Today’s average city dweller has mastered the art of multitasking, and as the world’s most developed cities are looking skyward—creating supertall, multiuse buildings that cater to modern life—skyscrapers are becoming great multitaskers themselves. They enhance a city’s skyline, bring connected utilities to urban areas and residents, and use minimal landmass. If done well, skyscrapers use minimal resources, too.
But how do you construct a sustainable building space that can support businesses, retail, luxury apartments, and a five-star hotel? Can a building be sustainable and opulent? Located in the Binhai New District of metropolitan Tianjin (China’s fourth-largest city), Tianjin Chow Tai Fook Financial Center is, essentially, a city within a skyscraper.
The building is China Construction Eighth Engineering Division Corp., Ltd. (CCEED)’s biggest project to date, standing 530 meters tall, 103 stories high, and featuring a distinctive curved tower facade. An industry leader in sustainability, CCEED conserved resources and minimized waste by using BIM technology and off-site prefab construction.
With the skyscraper project, CCEED aims to win two of China’s top construction and engineering awards, the Luban Prize and the Zhan Tianyou Prize, and to achieve LEED Gold Certification standards on three sides of sustainability: design, construction, and maintenance/operation of the building—concerns that affect the entire project lifecycle. The project has already won first place in the construction category of Autodesk’s 2017 AEC Excellence Awards and is estimated to be completed by fall 2019.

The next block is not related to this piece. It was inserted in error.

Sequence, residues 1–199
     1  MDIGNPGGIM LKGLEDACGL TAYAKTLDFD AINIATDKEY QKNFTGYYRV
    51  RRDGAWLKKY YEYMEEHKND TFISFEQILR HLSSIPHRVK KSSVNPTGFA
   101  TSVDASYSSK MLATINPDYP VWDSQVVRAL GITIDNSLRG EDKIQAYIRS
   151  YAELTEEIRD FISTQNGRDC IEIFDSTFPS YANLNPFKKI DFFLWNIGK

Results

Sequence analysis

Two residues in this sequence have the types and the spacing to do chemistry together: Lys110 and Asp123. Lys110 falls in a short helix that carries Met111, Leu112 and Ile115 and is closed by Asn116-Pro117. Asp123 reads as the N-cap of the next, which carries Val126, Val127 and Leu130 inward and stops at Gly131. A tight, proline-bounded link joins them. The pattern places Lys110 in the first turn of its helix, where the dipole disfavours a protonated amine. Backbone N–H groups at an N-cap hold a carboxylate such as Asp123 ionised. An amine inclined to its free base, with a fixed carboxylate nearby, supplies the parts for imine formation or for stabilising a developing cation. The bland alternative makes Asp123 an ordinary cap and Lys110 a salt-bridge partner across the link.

Building Across Borders
To coordinate the building design with the dizzying system requirements of a mixed-use “city within a skyscraper,” CCEED’s BIM design team of more than 100 people created a centralized model stored on a private cloud server. The model called for nearly 1,000 BIM models and 184,504 components, so creating a singular platform enabled a much more efficient construction process with the global team of stakeholders.
“The construction for Tianjin Chow Tai Fook Financial Center is a very international project because designers came from the United States, Britain, Hong Kong, and other origins,” says CCEED Project Manager Su Yawu, a construction veteran who started his career in skyscrapers back in 2000.
“Before, we used a traditional construction approach by joining Excel files and the project files with other components for the project planning,” Su says. But with a project on this scale, BIM ensures the far-flung teams can coordinate with local construction companies, read and understand the model easily, and share data in real time with fewer errors.
Prefab and Sustainable
The project mandated no design changes, storage, or reworking on the construction site, so sticking to the plan required precise coordination with the off-site factory. To meet LEED Gold certification, the CCEED design team’s challenges included outfitting a five-star hotel’s luxury interior with 2,000 types of materials within a sustainable structure. Using BIM, the team was able to prefabricate components precisely according to drawings, thus preventing material waste and eliminating the need to cut materials on-site.
To improve tracking, the team used scannable Quick Response (QR) codes, which contain equipment details, maintenance records, and material certificates. Each model component is tracked with a QR code; 2,950 codes track major equipment and prefab processing components, all automated and managed in the cloud.
“With a QR code, teams can connect their management information with the project’s geometry information,” Su says. “They can then align the information, allowing them to more easily put edits into the BIM platform.”